Lastly and most importantly is Kipnis’ batting average on balls in play (BABIP). Prior to June 11, Kipnis’ BABIP was a solid .304. It helps explain the offensive production we were seeing. However, after June 11 Kipnis’ BABIP was a significantly lower .283. He wasn’t finding holes in the defense and he wasn’t getting nearly as lucky as he had been up to that point. The end result was anything but spectacular.
In addition to just being unlucky at the plate, this also ties in with my first point. If Kipnis was pressing, swinging at more pitches outside of the strike zone, and essentially forcing the issue at the plate, the end result was going to be exactly what we saw. Weaker contact, more pop-ups, and less power. All of this is backed up by the numbers. Kipnis’ home run power turned into double power, his slugging dropped by more than 100 points and his OPS+ dropped from 126 to 87.
But it wasn’t all bad. The best sign that Kipnis’ troubles were more the result of bad luck and not necessarily his own doing was his walk rate. Prior to June 11, Kipnis was walking in only 8 percent of his at bats. Surprisingly, despite the increase in his strikeout rate and weaker contact as a result of swinging at fewer quality pitches, Kipnis actually increased his walk rate to 11 percent.
I know what you’re thinking. How could Kipnis’ walk rate, and essentially his pitch selection, increase while his strikeout rate also increased at the same time? How is it possible when he started expanding his strike zone and swinging at pitches out of his quality hitting zones? Ater spending a half hour searching for a logical conclusion, I came up with the following: In 2012 as a whole, Kipnis was a more patient hitter during at-bats with runners on base than without runners on base.
The numbers bare this out. According to his splits, in 375 plate appearances with no one on base, Kipnis had a ratio of 30 walks to 70 strikeouts. He also batted .235/.307/.335 with a BABIP of only .208. In 297 plate appearances with runners on base, Kipnis became significantly more disciplined with a ratio of 37 walks to 39 strikeouts. His slashline was also a far better at .287/.371/.438 and BABIP of .305. In other words, Kipnis is a better, more patient hitter with runners on base.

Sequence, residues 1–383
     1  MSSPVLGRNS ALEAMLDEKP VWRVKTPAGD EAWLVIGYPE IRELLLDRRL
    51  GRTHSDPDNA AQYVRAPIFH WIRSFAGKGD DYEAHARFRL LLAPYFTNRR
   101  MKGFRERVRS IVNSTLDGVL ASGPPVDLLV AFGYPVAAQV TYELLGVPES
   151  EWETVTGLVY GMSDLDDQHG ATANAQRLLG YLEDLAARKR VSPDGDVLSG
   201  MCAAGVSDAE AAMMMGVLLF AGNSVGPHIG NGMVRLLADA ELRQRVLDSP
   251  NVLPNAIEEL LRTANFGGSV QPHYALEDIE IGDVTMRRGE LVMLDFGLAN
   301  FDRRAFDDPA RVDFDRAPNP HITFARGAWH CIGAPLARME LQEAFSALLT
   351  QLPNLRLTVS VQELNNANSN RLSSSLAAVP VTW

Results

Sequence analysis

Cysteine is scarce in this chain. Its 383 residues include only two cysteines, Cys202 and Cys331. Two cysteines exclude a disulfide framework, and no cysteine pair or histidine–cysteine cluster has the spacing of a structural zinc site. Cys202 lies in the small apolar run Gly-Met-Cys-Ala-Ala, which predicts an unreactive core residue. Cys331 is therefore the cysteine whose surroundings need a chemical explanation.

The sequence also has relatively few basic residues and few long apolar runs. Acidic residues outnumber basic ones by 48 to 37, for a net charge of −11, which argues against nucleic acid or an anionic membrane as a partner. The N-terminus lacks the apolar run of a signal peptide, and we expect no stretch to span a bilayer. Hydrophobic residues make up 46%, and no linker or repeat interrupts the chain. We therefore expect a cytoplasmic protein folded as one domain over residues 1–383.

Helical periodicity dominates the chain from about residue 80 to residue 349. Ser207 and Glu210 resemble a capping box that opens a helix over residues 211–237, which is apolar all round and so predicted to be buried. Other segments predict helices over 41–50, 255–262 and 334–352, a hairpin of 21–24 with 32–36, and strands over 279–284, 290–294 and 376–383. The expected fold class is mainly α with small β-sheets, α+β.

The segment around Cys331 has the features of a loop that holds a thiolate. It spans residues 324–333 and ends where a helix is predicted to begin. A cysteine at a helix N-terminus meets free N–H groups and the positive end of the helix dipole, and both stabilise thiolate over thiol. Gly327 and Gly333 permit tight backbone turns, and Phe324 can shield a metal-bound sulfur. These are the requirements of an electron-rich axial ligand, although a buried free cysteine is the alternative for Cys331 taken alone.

Earlier in the season, when the Indians were rolling, Kipnis got significantly more at-bats with more runners on base and was much more patient and selective at the plate. As the Indians’ offense struggled to score runs in the latter half of the season, Kipnis had more at-bats with no runners on base. This resulted in him becoming more of a free swinger in an attempt to get things going. Therefore, his strikeout rate increased. When he did bat with men on, he became overwhelmingly patient or pitchers pitched around him and forced other hitters in the Indians lineup to hurt them. As a result, he suffered statistically.
So what does this all mean?
The downfall of Jason Kipnis’ spectacular 2012 season had less to do with me and more to do with bad luck. The significant decrease in his BABIP combined with the struggles of those around him all contributed to creating a situation in which he simply couldn’t succeed. As a young player in his first full big-league season, he wasn’t prepared to carry an offense over the course of 162 games. From that standpoint, the acquisitions of Drew Stubbs, Mark Reynolds, and Nick Swisher become that much more important.
If the Indians can finalize their lineup in the coming weeks with legitimate Major League-caliber hitters it could help take some pressure off of Kipnis in 2013. As a result, we may very well see the version of Jason Kipnis we were all so excited about early on last season. The same version that looked bound for multiple All-Star selections and had this writer declaring his man crush openly for all to see. And if it happens, I promise not to jinx it this time.